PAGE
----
Two weeks ago, I had a conversation with a friend. He was complaining about the expectation people have of receiving an instant reply whenever they send out a message. Although he and I laughed about it and joked about people who check whatsapp once a week, the conversation stayed in my head. My friend was making a very valid point: we feel the need to stay connected to data all the time and share the expectation that everyone else is. As a result, people expect you to reply messages as soon as they send them.
The problem with thinking that way is people get annoyed when they don’t get replies a few seconds after sending a message (especially if the app says the recipient is online). This would be funny except it has real world consequences for relationships. Everyone has a friend who is notorious for never replying messages on time. The one who fails to confirm they are available for the weekend hangout you planned and shows up at the last minute. We blame that friend for ruining our weekend plans. You all know of a couple who had a fight because one of them failed to reply a message until two hours later.
When people choose to reply a message is not something you can control. It is unwise to give yourself anxiety over other people’s reactions. More importantly, you need to be able to take a step back and realise a few things:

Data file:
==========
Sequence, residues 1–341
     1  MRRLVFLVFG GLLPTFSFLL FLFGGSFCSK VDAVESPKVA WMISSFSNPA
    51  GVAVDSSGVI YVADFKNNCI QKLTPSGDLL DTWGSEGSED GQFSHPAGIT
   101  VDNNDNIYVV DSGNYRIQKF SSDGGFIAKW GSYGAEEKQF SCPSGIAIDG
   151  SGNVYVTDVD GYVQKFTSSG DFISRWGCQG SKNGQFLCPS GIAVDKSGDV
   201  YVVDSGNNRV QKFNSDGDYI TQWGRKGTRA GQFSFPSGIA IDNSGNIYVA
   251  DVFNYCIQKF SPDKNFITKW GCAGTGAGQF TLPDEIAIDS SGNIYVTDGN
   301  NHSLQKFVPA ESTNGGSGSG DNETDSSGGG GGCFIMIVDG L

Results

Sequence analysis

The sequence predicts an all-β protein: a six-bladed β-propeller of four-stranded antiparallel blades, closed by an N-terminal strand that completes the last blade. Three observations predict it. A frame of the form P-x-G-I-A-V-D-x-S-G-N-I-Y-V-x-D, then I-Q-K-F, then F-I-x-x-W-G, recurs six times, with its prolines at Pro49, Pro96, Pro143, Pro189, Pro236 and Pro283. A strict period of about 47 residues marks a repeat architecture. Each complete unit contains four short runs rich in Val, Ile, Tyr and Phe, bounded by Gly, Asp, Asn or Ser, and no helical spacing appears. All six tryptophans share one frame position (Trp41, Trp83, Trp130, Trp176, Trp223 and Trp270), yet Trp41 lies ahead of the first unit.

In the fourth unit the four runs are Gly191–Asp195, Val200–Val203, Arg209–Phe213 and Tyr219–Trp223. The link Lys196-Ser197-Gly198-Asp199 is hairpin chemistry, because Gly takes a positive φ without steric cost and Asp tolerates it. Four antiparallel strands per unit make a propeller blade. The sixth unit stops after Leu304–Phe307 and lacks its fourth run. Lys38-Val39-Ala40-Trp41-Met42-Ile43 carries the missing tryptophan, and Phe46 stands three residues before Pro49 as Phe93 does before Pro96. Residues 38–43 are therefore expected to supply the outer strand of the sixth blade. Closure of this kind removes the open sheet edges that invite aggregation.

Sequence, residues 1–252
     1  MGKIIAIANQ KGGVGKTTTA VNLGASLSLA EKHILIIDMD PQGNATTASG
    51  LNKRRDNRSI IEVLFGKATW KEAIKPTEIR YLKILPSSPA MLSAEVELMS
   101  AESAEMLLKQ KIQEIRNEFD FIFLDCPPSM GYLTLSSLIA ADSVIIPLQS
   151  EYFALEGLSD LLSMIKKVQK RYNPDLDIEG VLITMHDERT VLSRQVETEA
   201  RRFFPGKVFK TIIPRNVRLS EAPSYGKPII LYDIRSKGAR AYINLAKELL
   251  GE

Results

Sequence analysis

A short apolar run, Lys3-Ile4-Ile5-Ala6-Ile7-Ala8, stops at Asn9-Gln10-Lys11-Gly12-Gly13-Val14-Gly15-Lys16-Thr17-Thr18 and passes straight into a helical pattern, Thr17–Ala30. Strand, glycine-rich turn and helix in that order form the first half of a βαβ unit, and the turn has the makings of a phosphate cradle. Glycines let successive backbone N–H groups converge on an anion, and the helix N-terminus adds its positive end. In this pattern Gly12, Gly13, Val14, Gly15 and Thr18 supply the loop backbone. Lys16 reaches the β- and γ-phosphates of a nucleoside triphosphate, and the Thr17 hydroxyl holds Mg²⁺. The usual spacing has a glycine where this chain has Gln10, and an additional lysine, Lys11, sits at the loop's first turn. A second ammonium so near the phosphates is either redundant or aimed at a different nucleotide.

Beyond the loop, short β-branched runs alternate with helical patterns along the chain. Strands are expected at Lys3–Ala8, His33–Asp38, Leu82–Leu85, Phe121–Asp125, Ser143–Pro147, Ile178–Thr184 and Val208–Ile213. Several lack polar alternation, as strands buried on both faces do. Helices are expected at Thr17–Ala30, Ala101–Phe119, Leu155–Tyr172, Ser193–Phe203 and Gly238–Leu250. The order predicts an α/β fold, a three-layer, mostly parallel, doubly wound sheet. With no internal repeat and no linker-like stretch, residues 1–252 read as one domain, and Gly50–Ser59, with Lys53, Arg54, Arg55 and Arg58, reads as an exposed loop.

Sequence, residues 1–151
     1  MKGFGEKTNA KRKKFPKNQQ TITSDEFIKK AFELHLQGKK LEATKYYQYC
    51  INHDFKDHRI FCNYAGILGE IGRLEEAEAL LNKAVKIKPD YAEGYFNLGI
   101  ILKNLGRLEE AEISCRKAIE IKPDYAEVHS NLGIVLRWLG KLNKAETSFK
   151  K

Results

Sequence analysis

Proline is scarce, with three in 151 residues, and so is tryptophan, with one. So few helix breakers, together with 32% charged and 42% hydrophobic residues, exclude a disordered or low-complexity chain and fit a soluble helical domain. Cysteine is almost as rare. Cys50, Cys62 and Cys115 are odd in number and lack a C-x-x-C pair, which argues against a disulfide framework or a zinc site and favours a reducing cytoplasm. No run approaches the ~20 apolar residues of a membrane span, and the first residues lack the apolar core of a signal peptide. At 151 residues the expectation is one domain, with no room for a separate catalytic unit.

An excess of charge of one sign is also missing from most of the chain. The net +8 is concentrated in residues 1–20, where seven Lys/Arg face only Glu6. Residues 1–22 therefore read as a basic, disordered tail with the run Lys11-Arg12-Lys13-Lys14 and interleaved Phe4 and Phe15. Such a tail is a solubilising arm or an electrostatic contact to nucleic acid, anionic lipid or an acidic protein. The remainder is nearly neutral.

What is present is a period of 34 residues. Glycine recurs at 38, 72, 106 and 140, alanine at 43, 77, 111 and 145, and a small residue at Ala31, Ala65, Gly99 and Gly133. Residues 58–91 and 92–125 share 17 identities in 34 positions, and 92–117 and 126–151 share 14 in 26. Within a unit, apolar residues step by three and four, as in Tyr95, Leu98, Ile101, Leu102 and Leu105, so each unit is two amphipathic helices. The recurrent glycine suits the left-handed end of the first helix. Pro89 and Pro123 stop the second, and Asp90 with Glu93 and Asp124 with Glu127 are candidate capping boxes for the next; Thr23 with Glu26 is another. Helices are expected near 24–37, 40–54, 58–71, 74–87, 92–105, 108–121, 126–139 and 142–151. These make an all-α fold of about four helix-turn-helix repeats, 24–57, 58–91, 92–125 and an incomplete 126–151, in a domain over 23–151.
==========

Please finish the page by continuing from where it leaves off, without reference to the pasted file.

- That a person is online does not mean they are in the mood to reply. You don’t know where they are or what they are going through. Perhaps the recipient is angry and thought to wait a few hours before replying you so they don’t take out their anger on you. You should be grateful for their thoughtfulness.
- Being online does not mean a person is available to chat right now. Recently, work has invaded the social messaging space. We are all in office whatsapp groups. Someone might have come online to retrieve information for a task they are carrying out. They can’t reply you immediately because they have work to do.
- Partially, as a result of office whatsapp groups, a lot of people are starting to avoid that platform. Since it is now acceptable for your boss to send you a whatsapp message, depending on how often that happens, it might start to feel less like a platform for having discussions with friends and more like an extension of the office.
It is not advisable for anyone to stay online all the time and reply all messages as soon as they receive them. If you did that, you wouldn’t have the time for important tasks. The next time you send someone a message and they take a few hours to reply, give them the benefit of the doubt. That they failed to reply immediately doesn’t mean they don’t care. They had other things to do. If it was an emergency, you probably wouldn’t have sent it as a message anyway so why give yourself anxiety? As my friend put it (with some paraphrasing) “Resist the pressure of always having to reply all messages. It’s ok to read a message and not reply until you have the time to do so.” That is one behaviour we need to normalise.